It’s because a lot of drivers act like assholes. For instance…

bus.jpgToday I was waiting for the bus and it was unusually late. Unlike MUNI, which really has no schedule, AC Transit does, ostensibly, have one. This is because some buses — like the 59 I was waiting for — only come once an hour. My bus being late made me wonder if I was going to have to sit in the cold for an hour for the next one. It wasn’t a happy thought.

When the bus pulled up (it was empty) I couldn’t get the fucking bike rack open. I tried for several minutes while the driver looked at me, expressionless. Finally I went around the doorway and asked if he could please check to see if were stuck. You’d think I’d asked him to hand over a kidney. He stormed past me, yanked the thing down, banging it loudly, and then sat back down and stared straight ahead as if I weren’t there. He took off the minute I got on the bus, causing me to almost fall in the aisle.

So, here’s the thing. In no other aspect of my life am I treated with the open hostility that is commonplace in my interactions with bus drivers. It’s not endearing, to say the least. And it doesn’t frickin’ make me look forward to taking the bus. In fact, taking the bus is just another thing I’ve come to dread. It’s slow, it’s smelly, and there’s a 50-50 chance I’ll be treated poorly. A real public service announcement on wheels.

There’s about ten YouTube videos called “I HATE THE BUS”, out of which K and I thought this was the most amusing.

I think I’ll buy one of their “collectible” posters and use it as a dartboard.

bowline.jpgWanna learn the difference between a bowline and a taught hitch? Find new and fun uses for 55-gallon trash bags? Or just light shit on fire several different ways?

These topics and more were covered in the fun course K & I attended today through the East Bay Regional Parks District called Survival Essentials. In this class we learned how to make several different shelters out of your basic trash bag, or use the same bag (if clear) to collect water off of a leafy branch. We learned to tie four different knots, obviously useful in a variety of situations.

Of course, everyone likes a little fire, and we experimented with flint and steel and cotton balls, strike anywhere matches and cotton balls with vaseline, combinations thereof, etc. The most fun was steel wool and a 9-volt battery:

Here’s a very practical, household application of this fire-starting technique.

In the end, our kind instructor each gave us our own survival kit complete with fifty feet of parachute rope to practice our knots on. Perhaps if I have insomnia tonight, I’ll practice on K as he sleeps and keep him prisoner tomorrow. I know he really doesn’t want to go to work in the morning anyway.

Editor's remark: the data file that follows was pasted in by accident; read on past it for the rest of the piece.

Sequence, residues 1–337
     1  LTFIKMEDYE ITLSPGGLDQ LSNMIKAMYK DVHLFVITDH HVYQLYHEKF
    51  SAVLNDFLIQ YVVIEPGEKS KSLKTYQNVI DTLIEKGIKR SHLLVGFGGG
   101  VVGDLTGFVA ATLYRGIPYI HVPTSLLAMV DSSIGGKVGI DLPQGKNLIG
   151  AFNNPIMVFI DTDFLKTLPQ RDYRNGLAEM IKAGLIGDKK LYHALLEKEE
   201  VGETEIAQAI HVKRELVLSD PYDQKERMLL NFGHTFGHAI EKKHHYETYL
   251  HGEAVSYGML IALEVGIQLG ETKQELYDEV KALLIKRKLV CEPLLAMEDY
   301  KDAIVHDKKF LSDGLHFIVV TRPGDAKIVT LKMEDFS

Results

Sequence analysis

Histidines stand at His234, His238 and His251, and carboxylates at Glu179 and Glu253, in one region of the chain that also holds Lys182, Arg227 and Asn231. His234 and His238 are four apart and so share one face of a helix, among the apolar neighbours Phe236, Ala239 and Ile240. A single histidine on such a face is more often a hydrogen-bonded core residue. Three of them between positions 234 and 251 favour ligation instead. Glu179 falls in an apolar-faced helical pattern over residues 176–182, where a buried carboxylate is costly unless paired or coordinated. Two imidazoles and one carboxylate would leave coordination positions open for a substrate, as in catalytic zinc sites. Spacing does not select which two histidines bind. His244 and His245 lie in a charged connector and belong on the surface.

Hey, fellow 40-somethings! (The rest of you can take a nap or whatever it is you do)

Down in the dumps? Under the weather? Other silly metaphor for sadness? I just found out that mid-life blues is super-common via Scientific American. (Actually, K, my primary news source, told me about it.) You know you can trust them — they’ve got SCIENCE (or, at least, SCIEN) right in the name. I guess that kooky malaise I’m feeling is normal and I shouldn’t worry about it. Or should I?

MiriamGreenspan.jpgI’m reading an interesting book called Healing Through the Dark Emotions by Miriam Greenspan. Greenspan puts forth this idea: that grief, fear, and despair are not “negative”, but an important part of the human experience. However, since we often don’t deal with them because of social stigmas or circumstance, they get planted deep in our psyche, only to resurface later as anxiety and depression.

Frankly, I thought I was over sad circumstances from my past, but lately I’ve realized it’s not so. There still some buried pain there that I basically disowned because I didn’t identify with my former (low self-esteem, socially ostracized) self.

Greenspan claims that by carefully bringing these painful past events to consciousness, and feeling them anew, we can daylight them and reduce their hold over us, and the accompanying anxiety/depression problems that they caused.

Well, goddamn. I hope she’s right.

Here’s a cool interview with Greenspan.

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